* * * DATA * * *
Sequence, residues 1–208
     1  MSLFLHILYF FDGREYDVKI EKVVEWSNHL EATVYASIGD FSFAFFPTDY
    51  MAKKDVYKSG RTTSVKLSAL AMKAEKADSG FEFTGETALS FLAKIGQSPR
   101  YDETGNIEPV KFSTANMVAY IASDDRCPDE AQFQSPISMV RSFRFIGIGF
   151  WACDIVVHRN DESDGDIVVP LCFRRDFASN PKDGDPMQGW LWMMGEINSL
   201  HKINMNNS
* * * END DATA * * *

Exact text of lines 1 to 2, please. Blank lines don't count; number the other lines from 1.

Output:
Sequence, residues 1–208
     1  MSLFLHILYF FDGREYDVKI EKVVEWSNHL EATVYASIGD FSFAFFPTDY